They come from Des Moines. Somebody had to.
And one day there will no doubt be signs outside the city saying: "Des Moines - the birthplace of the world's first surviving septuplets."
Who knows, there might even be a "McCaughey septuplets visitor attraction". It would certainly amuse museum afficionado Bill Bryson, who so famously had to come from Des Moines.
|Kenny, Bobbi and their first daughter Mikayla|
Kenneth, Brandon, Nathaniel, Joel, Alexis, Natalie and Kelsey were born a year ago on Thursday: their fame soon spread beyond Iowa, as their survival became almost as amazing as their birth.
Mother Bobbi (whose pre-birth girth was 4ft 7ins) and father Kenny, both fervent Baptists, put their remarkable blessing down to the Lord. Cynics said it was more about fertility treatment.
|Baby Kenneth McCaughey, one of seven|
But their church has rallied round to help, with volunteers helping with childcare. The world of business also lent a hand, donating cars, tens of thousands of nappies, and a year's worth of free groceries. The family is presumably stocking up now, before the time limit is up.
Well-wishers can also buy McCaughey septuplet dolls.
But aside from the practicalities, the birth has been part of a pattern of unusual births in the past year.
- Most famously these include Mandy Allwood who carried octuplets which all died. Like Bobbi McCaughey, Mandy Allwood's pregnancy was the result of fertility drugs rather than 'test-tube' IVF treatment.
- In January in Saudi Arabia, Hasna Mohammed Humair, 40, also gave birth to septuplets. But all did not go smoothly.
Television pictures of Humair in hospital not wearing a veil reportedly led to her family not allowing her to go home with her husband, Abdullah Mohammed Ali. "Her family says I am not a worthy husband because I have allowed everyone to see my wife. They say I have besmirched my wife's honour," he told reporters as the couple separated.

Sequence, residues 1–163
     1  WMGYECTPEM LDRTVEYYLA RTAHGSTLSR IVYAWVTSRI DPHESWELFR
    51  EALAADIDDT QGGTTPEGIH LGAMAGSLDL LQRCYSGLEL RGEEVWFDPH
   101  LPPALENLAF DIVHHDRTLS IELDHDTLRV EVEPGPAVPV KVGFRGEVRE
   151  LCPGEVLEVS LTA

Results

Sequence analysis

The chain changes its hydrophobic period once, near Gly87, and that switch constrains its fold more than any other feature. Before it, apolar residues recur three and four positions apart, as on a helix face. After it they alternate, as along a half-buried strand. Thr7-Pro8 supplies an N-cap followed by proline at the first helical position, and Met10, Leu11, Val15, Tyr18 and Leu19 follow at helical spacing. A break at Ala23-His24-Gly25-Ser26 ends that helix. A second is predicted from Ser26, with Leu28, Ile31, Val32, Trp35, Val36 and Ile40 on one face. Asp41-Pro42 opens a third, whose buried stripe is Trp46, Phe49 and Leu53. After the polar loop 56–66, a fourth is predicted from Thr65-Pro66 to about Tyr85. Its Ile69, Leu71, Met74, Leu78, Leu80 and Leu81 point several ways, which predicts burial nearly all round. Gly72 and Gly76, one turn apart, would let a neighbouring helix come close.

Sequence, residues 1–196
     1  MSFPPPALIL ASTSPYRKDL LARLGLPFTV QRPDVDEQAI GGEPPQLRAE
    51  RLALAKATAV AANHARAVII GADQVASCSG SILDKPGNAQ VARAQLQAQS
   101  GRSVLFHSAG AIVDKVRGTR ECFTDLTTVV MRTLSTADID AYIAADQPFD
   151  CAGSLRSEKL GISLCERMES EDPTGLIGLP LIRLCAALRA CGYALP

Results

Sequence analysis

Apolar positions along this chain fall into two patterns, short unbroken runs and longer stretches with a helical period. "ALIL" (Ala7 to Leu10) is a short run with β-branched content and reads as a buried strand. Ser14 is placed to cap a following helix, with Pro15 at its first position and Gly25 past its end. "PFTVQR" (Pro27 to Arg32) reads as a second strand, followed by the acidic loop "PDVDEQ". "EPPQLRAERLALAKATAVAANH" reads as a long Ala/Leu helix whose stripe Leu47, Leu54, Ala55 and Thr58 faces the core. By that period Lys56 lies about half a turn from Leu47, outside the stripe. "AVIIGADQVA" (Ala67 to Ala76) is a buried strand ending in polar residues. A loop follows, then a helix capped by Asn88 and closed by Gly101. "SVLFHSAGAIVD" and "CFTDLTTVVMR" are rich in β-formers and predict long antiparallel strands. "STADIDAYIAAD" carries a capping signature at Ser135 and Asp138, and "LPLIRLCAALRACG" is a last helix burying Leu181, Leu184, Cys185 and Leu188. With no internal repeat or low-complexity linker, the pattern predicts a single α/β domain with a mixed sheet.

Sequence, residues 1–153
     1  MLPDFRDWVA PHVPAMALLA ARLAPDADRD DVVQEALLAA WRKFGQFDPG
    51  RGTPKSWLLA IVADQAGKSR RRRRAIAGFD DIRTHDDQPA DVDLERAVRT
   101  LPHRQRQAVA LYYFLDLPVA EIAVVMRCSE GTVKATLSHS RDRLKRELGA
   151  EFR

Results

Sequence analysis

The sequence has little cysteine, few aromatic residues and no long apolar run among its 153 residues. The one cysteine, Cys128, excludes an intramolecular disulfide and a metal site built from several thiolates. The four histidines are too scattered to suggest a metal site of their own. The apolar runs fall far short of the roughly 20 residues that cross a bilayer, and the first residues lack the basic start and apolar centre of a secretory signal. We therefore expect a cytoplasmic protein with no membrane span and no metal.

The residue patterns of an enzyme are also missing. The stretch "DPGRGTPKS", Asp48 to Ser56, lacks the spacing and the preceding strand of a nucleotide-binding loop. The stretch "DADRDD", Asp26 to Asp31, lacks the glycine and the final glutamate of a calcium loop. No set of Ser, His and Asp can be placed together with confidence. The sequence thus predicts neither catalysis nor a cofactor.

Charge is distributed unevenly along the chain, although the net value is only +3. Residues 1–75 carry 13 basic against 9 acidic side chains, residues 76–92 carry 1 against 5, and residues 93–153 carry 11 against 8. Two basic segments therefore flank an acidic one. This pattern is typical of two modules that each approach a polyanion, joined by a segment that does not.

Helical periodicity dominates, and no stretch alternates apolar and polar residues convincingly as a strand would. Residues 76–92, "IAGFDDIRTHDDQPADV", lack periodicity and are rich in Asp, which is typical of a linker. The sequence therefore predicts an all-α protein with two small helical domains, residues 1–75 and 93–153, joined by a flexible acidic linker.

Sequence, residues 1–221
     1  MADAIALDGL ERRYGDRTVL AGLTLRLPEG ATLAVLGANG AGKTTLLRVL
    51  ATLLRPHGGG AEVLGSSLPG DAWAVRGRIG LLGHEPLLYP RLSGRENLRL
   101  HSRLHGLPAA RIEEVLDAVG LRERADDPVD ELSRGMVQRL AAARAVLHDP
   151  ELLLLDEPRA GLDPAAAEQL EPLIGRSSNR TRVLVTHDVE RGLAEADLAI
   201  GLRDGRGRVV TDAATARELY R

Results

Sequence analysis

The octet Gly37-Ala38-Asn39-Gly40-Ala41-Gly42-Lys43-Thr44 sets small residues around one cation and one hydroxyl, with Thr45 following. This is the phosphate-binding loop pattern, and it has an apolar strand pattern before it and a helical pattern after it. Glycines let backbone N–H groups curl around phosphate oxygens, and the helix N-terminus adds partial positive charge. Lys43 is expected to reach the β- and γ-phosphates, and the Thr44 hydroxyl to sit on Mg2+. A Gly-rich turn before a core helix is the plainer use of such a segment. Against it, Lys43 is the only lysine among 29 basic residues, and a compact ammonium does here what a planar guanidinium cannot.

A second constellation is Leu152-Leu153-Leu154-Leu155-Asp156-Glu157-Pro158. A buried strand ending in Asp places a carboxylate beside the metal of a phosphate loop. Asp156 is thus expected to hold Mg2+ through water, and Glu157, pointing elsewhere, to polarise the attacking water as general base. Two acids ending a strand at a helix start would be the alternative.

That was not an end to their problems. Three months after the children were born, the maternity hospital in Abha threatened to call the police unless their parents took them home. When they said the could not cope, Crown Prince Abdullah was reported to have donated more than US$50,000 to help them out.
- Iowa continued its crop of babies in April by trumping even the odds of the McCaugheys' achievement.
Identical quadruplets were born, without the aid of fertility drugs. Doctors at the University Hospitals in Iowa City said the odds of identical quads being born were one in 100 million, if not greater.
- To top that, just a day later, in the same hospital, a further set of quads were born. This time, however, they were born with the aid of in vitro fertilisation.
- British woman Diane Blood announced she was pregnant, having used the sperm of her dead husband.
- 60-year-old Elizabeth Buttle gave birth, becoming Britain's oldest mum. Newspapers claimed she had received fertility treatment.
There are even more tragic cases than the Saudi couple. A 24-year-old Arizona woman who had given birth to quadruplets in January was arrested last month
on 14 counts of child abuse.
Her son Anthony had been treated for injuries which one doctor said were like those one would suffer from being slammed against a concrete floor. The other three children had fractured skulls, among other injuries.
Go forth and multiply
The numbers of twins, triplets and other multiple births has soared in the 20 years since IVF and fertility treatments have been available.
But as the techniques are refined, there is a move, in the UK at least, towards reducing the number of embryos implanted in wombs.
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A spokesman for the Human Embryology and Fertilisation Authority said its rules allowed only three embryos to be implanted at a time, but most practitioners now regarded two as the best option.
Jane Denton of the Multiple Births Foundation, which aims to educate doctors and midwives about the needs of families with multiple births, said increased ante-natal care could make the situation easier for parents. In particular there could be help with typical problems for parents wondering how to cope, with children's behaviour, and with the learning of language.
But there is a certain irony that while the implications of increased multiple births are being worked out in the West, many parts of the world are struggling with overpopulation.
Which is to say nothing of the brotherless and sisterless Chinese.